‘Much larger than one block’: Race Massacre Commission’s ‘final project’ will mark the true extent of historic Greenwood: As early as November 1921, just five months after the Tulsa Race Massacre left 35 square blocks of Greenwood in ruins, residents had begun to rebuild in earnest. [Tulsa World]

Oklahoma Local News

  • Unite Norman, councilor say committee timeline violates charter; city says it had no choice [The Norman Transcript]
  • OKC City Council to consider ward redistricting and addition of two wards [OKC Free Press]
  • ‘Get to the airport’: Wally Funk encourages young women to pursue aviation in OKC visit [The Oklahoman]

Quote of the Day

“It would be really beautiful if everyone would not use Facebook for this and not use TikTok and go and sit down and calmly talk it through with their pediatrician. Get those questions answered by someone you know and trust. That would be the ideal world to be living in during a pandemic.”

-Dr. Donna Tyungu, pediatric infectious disease specialist with Oklahoma Children’s Hospital-OU Health, speaking about COVID-19 vaccinations for children [Tulsa World]

Number of the Day


Despite being constitutionally required to occur every 10 years, Oklahoma’s first redistricting process occurred in 1964 (57 years after statehood), only after federal courts ordered the state’s electoral districts needed to be roughly equal in population. [Oklahoma Historical Society]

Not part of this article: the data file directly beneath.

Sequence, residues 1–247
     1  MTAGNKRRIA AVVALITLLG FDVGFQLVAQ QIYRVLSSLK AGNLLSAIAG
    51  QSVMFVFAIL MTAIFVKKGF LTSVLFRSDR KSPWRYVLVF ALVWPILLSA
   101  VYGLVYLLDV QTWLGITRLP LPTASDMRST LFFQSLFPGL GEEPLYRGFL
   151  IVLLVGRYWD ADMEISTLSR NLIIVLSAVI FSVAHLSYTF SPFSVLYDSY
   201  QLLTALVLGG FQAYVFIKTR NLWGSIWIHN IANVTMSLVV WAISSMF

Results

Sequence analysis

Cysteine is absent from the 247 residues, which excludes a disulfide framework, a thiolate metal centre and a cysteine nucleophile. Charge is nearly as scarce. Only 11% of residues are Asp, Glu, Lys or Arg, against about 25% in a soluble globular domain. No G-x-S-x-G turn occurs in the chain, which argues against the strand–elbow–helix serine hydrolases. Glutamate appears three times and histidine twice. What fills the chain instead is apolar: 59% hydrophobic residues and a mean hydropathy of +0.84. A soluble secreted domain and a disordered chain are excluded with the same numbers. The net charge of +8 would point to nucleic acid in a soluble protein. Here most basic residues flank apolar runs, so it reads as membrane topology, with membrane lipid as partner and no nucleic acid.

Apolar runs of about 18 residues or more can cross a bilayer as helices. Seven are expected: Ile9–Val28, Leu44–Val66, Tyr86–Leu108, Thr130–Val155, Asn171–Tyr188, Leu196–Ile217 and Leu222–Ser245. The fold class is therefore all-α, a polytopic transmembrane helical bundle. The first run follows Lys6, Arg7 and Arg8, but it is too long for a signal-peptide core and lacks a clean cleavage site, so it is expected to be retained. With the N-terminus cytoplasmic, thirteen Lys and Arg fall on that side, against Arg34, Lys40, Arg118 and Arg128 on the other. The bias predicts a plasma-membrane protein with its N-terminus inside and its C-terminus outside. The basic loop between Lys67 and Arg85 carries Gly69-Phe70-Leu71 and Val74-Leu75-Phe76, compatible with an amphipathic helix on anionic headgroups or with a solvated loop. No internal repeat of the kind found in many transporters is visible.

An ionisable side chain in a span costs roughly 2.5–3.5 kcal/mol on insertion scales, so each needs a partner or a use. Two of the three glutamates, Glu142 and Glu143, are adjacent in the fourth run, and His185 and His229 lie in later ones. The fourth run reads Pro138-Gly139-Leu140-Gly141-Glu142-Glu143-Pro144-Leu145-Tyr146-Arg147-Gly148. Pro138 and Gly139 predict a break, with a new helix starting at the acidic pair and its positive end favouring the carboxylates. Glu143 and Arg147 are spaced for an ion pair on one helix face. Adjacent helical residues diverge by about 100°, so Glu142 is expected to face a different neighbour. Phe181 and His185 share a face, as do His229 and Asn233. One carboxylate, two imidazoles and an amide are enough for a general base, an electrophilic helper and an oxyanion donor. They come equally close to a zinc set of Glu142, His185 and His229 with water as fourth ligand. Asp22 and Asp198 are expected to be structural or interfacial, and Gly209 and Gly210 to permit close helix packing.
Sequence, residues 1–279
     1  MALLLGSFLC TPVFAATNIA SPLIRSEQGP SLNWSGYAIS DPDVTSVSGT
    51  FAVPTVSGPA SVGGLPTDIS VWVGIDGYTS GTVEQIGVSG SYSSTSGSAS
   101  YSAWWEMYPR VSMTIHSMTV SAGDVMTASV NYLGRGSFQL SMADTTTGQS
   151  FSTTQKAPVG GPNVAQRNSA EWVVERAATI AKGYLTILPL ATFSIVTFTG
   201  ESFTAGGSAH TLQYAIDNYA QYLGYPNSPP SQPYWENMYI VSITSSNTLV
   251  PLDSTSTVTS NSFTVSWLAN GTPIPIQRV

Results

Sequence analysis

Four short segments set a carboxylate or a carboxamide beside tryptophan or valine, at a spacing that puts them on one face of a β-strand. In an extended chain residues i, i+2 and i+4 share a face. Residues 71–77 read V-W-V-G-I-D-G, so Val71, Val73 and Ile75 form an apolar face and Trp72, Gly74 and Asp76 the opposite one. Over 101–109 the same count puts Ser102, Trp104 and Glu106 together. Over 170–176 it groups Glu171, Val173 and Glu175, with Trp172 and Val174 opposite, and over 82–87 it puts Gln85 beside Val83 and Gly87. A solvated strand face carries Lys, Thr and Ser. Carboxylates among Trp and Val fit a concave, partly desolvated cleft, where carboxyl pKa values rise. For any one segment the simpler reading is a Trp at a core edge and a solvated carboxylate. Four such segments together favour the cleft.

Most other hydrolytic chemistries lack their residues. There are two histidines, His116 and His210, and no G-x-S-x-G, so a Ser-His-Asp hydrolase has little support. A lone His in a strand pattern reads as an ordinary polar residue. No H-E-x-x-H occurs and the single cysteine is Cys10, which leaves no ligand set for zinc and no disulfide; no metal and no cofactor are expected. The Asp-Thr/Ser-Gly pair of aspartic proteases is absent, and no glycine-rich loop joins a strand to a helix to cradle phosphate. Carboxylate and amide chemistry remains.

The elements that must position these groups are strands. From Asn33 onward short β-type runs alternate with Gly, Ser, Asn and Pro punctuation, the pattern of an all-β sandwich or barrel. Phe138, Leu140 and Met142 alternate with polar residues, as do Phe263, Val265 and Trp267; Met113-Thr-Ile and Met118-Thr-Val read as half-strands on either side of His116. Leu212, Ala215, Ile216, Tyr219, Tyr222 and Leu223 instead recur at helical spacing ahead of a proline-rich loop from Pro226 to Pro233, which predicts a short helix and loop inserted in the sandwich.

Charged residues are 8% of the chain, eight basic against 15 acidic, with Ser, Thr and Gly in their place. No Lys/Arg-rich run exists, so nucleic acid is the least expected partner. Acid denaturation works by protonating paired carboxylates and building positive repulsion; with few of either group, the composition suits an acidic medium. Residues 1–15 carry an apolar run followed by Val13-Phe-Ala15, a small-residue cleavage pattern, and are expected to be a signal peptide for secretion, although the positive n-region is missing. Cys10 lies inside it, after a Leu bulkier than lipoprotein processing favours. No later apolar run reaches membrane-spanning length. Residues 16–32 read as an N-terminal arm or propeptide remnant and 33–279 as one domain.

Policy Note

What is Redistricting and Why Should We Care?: Redistricting is the process of drawing the lines of districts from which public officials are elected. When it’s conducted fairly, it accurately reflects population changes and racial diversity, and is used by legislators to equitably allocate representation in Congress and state legislatures. When politicians use redistricting to manipulate the outcome of elections, however, it’s called gerrymandering — a practice that undermines democracy and stifles the voice of voters. Voters should be picking their politicians. Not the other way around. [ACLU]

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Jessica joined OK Policy as a Communications Associate in January 2018. A Mexican immigrant, she was a Clara Luper Scholar at Oklahoma City University where she obtained a B.A. in Political Science and Philosophy. Prior to joining OK Policy, Jessica worked at a digital marketing agency in Oklahoma City. She is an alumna of both the National Education for Women (N.E.W.) Leadership Institute (2013) and OK Policy's Summer Policy Institute (2015). In addition to her role at OK Policy, Jessica serves as a board member for Dream Action Oklahoma in OKC and communications director for Dream Alliance Oklahoma in Tulsa.